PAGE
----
Judiciary seeks to join modern era with $164m bond bill
Antiquated paper system would become digitized
WHEN I RECENTLY sought a public document from a state court, the clerk asked me to request it by fax. In 2022, who operates via fax?
Reporters are not alone in their woes with the court’s antiquated technology. Many courthouses do not have wi-fi, even for employees who move between their desks and a courtroom. Judges work from paper case files, so motions must be printed and brought to court.
With the House passage Thursday of a $164 million bond bill for information technology at the judiciary, there is finally a glimmer of hope that the courts may join the 21st century.
Massachusetts Supreme Judicial Court Chief Justice Kimberly Budd testified at a legislative hearing last March that the bond bill has the potential “to transform and modernize” the courts and “improve the experience for all who use and work in them.”
The bill includes $94 million to create “digital courthouses and courtrooms,” $35 million for courthouse security, and $35 million to modernize administrative operations. Policy changes include letting a court seal be printed electronically, authorizing electronic signatures on documents, and considering electronic documents equal to paper documents.
A presentation prepared by the court in support of a similar bond bill in 2020, which was derailed by COVID, lays out how the court hopes to use the money. The goal is to create a digital courthouse, where all documents can be created and managed electronically by litigants, attorneys, and staff.
According to written testimony by Trial Court Administrator John Bello, submitted to the Joint Committee on Bonding, Capital Expenditures and State Assets last March, the pandemic forced the courts to improve their technology. There is now some electronic filing for documents in six of seven court departments. People can pay fines and fees online. The court can deliver documents online, replacing what had been a paper mail system.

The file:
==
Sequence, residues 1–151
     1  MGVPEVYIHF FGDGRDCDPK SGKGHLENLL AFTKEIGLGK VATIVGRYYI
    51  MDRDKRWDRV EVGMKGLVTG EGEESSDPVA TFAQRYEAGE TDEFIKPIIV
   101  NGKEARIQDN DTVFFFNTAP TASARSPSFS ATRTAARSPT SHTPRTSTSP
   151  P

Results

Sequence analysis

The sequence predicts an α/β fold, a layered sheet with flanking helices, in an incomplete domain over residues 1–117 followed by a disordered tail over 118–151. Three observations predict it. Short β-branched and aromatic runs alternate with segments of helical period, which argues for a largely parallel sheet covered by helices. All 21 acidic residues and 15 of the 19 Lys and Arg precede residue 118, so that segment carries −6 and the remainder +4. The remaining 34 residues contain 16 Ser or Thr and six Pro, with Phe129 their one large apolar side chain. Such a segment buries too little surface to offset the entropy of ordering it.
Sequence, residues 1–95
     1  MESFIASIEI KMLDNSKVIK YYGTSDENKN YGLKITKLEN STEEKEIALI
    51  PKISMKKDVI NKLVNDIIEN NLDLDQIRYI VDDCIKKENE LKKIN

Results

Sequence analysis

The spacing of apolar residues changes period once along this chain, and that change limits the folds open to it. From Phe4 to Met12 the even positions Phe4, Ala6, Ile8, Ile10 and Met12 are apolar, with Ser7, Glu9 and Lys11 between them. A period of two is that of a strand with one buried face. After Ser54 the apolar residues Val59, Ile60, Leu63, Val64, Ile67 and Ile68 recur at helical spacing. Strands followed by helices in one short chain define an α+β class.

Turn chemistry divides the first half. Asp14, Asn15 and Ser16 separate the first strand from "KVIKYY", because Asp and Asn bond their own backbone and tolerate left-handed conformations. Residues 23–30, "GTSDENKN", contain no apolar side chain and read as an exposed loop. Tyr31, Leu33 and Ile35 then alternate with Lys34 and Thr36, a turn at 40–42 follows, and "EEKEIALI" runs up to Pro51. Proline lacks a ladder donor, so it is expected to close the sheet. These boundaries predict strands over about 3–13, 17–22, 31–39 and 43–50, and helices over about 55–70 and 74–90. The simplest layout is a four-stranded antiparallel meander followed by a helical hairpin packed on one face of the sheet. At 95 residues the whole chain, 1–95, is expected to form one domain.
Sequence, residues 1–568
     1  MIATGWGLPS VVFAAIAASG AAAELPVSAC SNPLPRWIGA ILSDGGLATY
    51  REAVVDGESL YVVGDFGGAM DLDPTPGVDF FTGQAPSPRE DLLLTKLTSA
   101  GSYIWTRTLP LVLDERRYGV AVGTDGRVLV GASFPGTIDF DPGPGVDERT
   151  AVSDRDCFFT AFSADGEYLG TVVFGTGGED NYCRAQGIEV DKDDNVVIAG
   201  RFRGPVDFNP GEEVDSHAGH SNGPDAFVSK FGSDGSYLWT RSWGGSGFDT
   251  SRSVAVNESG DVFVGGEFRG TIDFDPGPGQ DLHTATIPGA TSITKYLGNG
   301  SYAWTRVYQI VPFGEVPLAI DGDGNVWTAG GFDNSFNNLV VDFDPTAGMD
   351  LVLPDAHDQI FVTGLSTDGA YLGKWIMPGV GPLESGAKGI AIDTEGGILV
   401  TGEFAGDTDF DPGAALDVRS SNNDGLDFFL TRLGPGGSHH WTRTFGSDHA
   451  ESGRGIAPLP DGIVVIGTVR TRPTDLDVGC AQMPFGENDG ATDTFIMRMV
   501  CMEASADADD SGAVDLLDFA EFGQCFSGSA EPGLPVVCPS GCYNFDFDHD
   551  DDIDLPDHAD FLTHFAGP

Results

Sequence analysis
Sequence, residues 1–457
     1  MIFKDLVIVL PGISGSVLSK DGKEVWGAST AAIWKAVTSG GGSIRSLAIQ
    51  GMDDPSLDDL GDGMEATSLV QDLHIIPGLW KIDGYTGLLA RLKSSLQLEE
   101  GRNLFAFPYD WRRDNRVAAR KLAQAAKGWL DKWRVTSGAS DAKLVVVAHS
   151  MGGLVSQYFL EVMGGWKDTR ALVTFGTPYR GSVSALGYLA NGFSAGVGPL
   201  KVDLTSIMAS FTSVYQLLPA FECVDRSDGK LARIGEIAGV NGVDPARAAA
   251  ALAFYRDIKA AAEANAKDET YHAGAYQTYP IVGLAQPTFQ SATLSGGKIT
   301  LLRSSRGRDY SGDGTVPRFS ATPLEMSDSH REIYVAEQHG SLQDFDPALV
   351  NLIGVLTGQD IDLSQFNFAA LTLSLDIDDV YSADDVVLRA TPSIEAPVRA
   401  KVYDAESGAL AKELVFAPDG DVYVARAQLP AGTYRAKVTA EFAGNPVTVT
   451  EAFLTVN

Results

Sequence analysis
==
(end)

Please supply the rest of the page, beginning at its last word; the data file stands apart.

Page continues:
But court Chief Information Officer Steven Duncan said in his presentation at the March hearing that e-filed documents must still be printed by a clerk and added to a paper file, then a clerk manually updates the court information system and creates a paper docket. A deputy court administrator quoted in Duncan’s presentation described it as “e-collecting, not e-filing.”
Trial Court Chief Justice Jeffrey Locke said in testimony that from a judge’s perspective, the courts are still very much a paper-based system. ‘While we have made great strides setting e-Filing into place so that attorneys and self-represented litigants can file case-related documents electronically, it is all for naught if the case file must still be printed out and brought physically into the courtroom,” Locke said. Locke said letting judges access electronic files will free clerks up from printing and compiling. It will allow real-time docketing, so parties can see judicial decisions quickly.
Updating court systems could save trips to the courthouse. A 2017 survey of courthouse users found that 11 percent came to file paperwork, 4 percent to make payments, 5 percent to search records, and 3 percent to get information – activities that could potentially be done online.On the security side, the money would go toward physical security and cybersecurity. The operations money would go toward making the courts operate more efficiently, including upgrading bandwidth, improving employee remote access, and installing an energy management system.
Lawmakers in 2018 required the administration to create a new data tracking system to connect all elements of the criminal justice system, but that project has been slow to start. Court officials hope to ultimately replace the entire MassCourts information management system, but that would require additional money and not happen until 2028. Some of the simpler initiatives in this bond bill – like installing wi-fi – could occur as soon as 2023.